Wolf Grounds Coffee Shop running strong a year after opening [Bristol Herald Courier, Va.]
(Bristol Herald Courier (VA) Via Acquire Media NewsEdge) Dec. 12--ABINGDON, Va. -- In less than a year, one small business upshoot has turned into the hot spot on campus.
Wolf Grounds Coffee Shop, in the LRC building at Virginia Highlands Community College, opened in January as a student-led entrepreneurial project. In the months since, it's generated more than $30,000 in sales and will soon -- likely today -- sell its 10,000th shot of espresso.
"It is good. I can't believe it's been almost one year," said Alesha Russell, who works in the shop and serves as its marketing manager.
Russell started working there in August and said the real-world experience has been good for her.
"I never saw myself working at a coffee shop," she said. "But I really love it. This is my favorite job I've ever had. And I think I've got the coffee down."
Students are in charge of the shop, said Jason Corvin, who serves as the group's faculty adviser. Eight students are employed and they have to apply and go through an interview.
"For students, it gives them real-world experience," Corvin said, adding that for some employees, it's a first job. "They maintain all the accounting and inventory systems ... there's not really anything day-to-day I do. I give them ideas and they run with it."
The shop is mostly powered by solar panels and wind turbines, which were installed through a grant from Dominion Power. Corvin said the shop is mostly self-sustaining financially.
He said he thinks the shop fills a need on campus.
"It's been most well-received by students," he said. "When it first opened, there were a lot of McCafe cups on campus, and I don't see as many of those anymore."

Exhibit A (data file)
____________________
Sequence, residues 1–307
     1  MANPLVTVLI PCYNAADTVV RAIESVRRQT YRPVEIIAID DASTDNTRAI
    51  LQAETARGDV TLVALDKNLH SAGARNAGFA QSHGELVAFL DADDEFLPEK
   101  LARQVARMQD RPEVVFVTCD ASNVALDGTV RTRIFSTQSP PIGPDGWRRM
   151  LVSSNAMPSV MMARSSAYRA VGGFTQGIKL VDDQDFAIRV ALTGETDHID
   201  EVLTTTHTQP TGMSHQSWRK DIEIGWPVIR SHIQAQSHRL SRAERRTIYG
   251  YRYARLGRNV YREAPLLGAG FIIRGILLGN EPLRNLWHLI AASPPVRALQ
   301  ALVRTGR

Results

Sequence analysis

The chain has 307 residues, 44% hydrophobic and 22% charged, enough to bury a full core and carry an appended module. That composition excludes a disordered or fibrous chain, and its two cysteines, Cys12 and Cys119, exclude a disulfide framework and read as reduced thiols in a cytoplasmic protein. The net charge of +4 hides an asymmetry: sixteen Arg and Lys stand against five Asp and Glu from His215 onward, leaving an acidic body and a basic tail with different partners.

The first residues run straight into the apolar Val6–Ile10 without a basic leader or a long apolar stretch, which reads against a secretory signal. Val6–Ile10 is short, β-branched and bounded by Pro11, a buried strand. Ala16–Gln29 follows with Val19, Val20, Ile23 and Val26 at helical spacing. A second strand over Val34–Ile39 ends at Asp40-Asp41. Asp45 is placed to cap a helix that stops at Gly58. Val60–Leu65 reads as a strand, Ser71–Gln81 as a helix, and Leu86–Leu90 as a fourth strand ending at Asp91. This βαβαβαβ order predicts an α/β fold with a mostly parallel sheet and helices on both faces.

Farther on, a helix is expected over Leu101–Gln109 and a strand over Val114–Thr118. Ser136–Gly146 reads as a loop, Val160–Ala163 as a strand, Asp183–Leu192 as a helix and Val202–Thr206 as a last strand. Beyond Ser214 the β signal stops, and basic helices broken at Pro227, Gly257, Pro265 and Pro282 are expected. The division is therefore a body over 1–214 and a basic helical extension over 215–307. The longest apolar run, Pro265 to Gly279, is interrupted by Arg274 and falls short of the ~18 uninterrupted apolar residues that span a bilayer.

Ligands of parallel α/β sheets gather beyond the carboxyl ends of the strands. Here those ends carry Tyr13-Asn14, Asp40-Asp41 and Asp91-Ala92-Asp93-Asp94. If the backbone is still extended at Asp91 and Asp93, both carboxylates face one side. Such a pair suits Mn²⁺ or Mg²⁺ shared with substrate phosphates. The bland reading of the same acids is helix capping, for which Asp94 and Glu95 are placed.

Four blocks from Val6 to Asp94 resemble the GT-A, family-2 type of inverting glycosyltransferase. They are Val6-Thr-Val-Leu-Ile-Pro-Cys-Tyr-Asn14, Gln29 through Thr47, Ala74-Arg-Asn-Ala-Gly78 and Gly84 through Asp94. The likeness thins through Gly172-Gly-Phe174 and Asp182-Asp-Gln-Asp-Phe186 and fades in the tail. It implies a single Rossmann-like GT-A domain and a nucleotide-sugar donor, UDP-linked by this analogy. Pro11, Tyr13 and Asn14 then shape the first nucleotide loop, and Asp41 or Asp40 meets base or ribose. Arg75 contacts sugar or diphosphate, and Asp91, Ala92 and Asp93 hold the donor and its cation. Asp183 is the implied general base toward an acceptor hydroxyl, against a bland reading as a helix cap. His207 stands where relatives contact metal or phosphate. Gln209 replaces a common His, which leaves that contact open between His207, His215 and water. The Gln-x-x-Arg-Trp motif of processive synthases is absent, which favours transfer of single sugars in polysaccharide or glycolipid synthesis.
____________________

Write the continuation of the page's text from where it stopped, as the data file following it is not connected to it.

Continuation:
Russell said caramel macchiato and self-designed drinks are favorites among students, as are the pastries provided by a caterer from Johnson City. Coffee served at the shop comes from Zazzy'z, a coffee shop in Abingdon.
The shop, though it is just a corner space near the college's theater, has the feel of a larger shop, with greetings between passersby and employees at the shop.
In addition to the daily service, students cater coffee and pastries to college events, including meetings and conferences. But there's room for growth into the community.
"Doing the events really helps, it gets our name out there," Russell said. "But we're trying to get it out to the town, too."
Criss Golden, who coaches the Great Expectations program at Virginia Highlands, will take over as faculty advisor next semester. He said he hopes to continue to expand the shop and maintain its financial sustainability.
"We've spent a lot of time talking about how to get more community involvement," Corvin said. "We've gotten the college market, we'd like to focus more on the local community."
Added Golden: "That's where we see the future."
(c)2013 the Bristol Herald Courier (Bristol, Va.)
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